2 Corinthians Chapter 1: The God of Comfort
Key Verses: (2 Corinthians 1:3–7)
3 Praise be to the God and Father of our Lord Jesus Christ, the Father of compassion and the God of all comfort, 4 who comforts us in all our troubles, so that we can comfort those in any trouble with the comfort we ourselves receive from God. 5 For just as we share abundantly in the sufferings of Christ, so also our comfort abounds through Christ. 6 If we are distressed, it is for your comfort and salvation; if we are comforted, it is for your comfort, which produces in you patient endurance of the same sufferings we suffer. 7 And our hope for you is firm, because we know that just as you share in our sufferings, so also you share in our comfort.
In this passage, Paul was responding to those in Corinth who felt that his suffering was evidence that he was not truly an Apostle. They felt that if he were an Apostle, God would not have let him suffer. We know from the history of Paul’s journeys as told in his letters that he indeed suffered greatly from imprisonment, assaults, beatings, desolation and more.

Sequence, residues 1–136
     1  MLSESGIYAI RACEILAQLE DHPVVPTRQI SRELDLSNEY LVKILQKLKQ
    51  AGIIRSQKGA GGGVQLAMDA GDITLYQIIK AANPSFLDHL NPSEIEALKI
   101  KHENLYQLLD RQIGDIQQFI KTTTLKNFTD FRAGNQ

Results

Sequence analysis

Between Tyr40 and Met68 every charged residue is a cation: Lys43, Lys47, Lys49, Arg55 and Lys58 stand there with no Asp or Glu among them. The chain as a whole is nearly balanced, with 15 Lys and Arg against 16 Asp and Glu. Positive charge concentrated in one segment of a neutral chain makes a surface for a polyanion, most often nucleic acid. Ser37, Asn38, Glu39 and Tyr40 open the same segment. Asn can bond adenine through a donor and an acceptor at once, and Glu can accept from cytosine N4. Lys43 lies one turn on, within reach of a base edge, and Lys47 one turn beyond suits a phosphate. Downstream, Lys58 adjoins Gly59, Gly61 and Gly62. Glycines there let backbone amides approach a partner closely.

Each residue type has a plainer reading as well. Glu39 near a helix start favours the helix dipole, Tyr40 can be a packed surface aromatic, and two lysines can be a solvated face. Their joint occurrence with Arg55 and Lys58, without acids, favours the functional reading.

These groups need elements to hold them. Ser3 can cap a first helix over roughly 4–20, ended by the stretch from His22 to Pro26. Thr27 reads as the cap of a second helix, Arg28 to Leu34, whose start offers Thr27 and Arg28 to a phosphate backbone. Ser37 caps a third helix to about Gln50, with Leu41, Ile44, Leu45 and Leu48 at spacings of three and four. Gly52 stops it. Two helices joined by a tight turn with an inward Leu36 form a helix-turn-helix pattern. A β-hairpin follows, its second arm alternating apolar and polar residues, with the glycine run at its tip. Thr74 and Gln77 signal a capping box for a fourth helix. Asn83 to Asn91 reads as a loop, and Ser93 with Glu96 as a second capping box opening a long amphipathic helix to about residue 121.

Paul’s message to those critics, in this short passage, is that his suffering and the resulting comfort he received from God, under all these afflictions, was instead validation of his role as an Apostle. He uses the terms “we” or “us” to refer to him and the term “you” to refer to the Corinthians. In verse 4, he goes further in saying that the comfort he received from God allowed him to comfort others in trouble.
Many consider this passage the Bible’s greatest text on the comfort God can provide to those who suffer. Remarkably, in just five verses, the word “comfort” is used nine times.
A Moment to Reflect
This passage turns upside down the concept that God is punishing those who are afflicted. Paul is suggesting the opposite — that those afflicted will realize God’s comfort and thereby strengthen their faith and their walk with Christ. Think about your own Christian journey to identify when your faith was most dramatically strengthened. Did it follow a period of suffering or struggling with life’s challenges?